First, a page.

Joseph Boyden, where are you from? – The Globe and Mail – Ethnic fraud, in general, takes up time, space and resources. In a Canada finally aiming to include indigenous peoples and offer limited restitution, there are grants and awards targeting those in the arts marginalized by colonialism. The list of brilliant and deserving but barely surviving indigenous writers and artists is very long. So when (already privileged) writers claim prizes for their performance instead of real indigenous peoples, the result is material harm as well as insult.
Ethnic fraud sabotages the necessary work of rebuilding indigenous nations. In his statements, Mr. Boyden has invoked Anishinaabe, Nipmuc, Métis, Two-Spirit and Bear Clan affiliations (this week he squarely identified as Anishinaabe). These terms are not hollow or symbolic. They situate individuals in a framework that requires obligations and accountability to communities. Misleading claims, void of embodiment, break tenuous indigenous social systems down even further.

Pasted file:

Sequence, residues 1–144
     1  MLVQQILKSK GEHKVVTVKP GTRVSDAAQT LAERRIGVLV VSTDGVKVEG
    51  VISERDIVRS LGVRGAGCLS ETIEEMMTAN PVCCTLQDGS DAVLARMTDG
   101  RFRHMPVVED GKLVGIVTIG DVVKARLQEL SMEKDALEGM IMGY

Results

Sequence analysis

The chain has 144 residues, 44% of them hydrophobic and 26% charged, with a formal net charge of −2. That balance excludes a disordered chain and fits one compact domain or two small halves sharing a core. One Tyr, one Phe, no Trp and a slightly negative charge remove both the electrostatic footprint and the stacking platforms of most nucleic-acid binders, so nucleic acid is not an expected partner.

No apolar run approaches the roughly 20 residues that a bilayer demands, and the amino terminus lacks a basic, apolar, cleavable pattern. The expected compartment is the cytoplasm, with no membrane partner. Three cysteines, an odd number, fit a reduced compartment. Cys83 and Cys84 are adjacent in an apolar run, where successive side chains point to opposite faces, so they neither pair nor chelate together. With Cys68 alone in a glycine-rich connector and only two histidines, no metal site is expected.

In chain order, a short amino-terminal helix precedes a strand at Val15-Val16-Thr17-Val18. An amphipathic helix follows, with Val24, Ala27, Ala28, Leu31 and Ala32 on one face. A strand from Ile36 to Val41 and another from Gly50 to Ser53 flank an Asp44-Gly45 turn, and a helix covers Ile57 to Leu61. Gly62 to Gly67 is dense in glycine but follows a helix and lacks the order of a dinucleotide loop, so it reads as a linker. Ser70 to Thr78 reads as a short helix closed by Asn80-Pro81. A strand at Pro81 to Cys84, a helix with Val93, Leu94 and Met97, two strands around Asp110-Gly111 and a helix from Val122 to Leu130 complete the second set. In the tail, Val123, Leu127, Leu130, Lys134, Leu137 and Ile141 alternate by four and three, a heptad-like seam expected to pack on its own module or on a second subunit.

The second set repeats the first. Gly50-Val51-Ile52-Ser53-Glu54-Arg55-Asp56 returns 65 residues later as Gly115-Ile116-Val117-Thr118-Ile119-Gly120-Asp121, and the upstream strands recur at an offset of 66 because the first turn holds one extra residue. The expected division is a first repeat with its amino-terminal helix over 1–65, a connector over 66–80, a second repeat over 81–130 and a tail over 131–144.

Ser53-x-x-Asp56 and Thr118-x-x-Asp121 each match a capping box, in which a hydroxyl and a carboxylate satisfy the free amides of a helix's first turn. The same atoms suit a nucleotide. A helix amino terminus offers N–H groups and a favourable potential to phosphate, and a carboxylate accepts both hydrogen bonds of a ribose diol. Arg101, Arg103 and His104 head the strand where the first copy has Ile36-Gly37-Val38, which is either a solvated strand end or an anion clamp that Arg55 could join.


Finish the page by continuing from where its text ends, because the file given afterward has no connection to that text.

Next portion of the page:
Ethnic fraud alienates those struggling to find their identities. Indigenous identity has been fragmented by maze-like colonial categories. So this discussion is not easy. For those adopted or taken away from their communities, or those dealing with assimilation’s toll; there are the light-skinned and light-eyed, the tens of thousands raised in cities, and of course the utterly devastating insistence on blood quantum by the federal government. Many of the individuals trying to make their way back are all the more confused by the inconsistent and shifting parameters set by prominent ethnic frauds.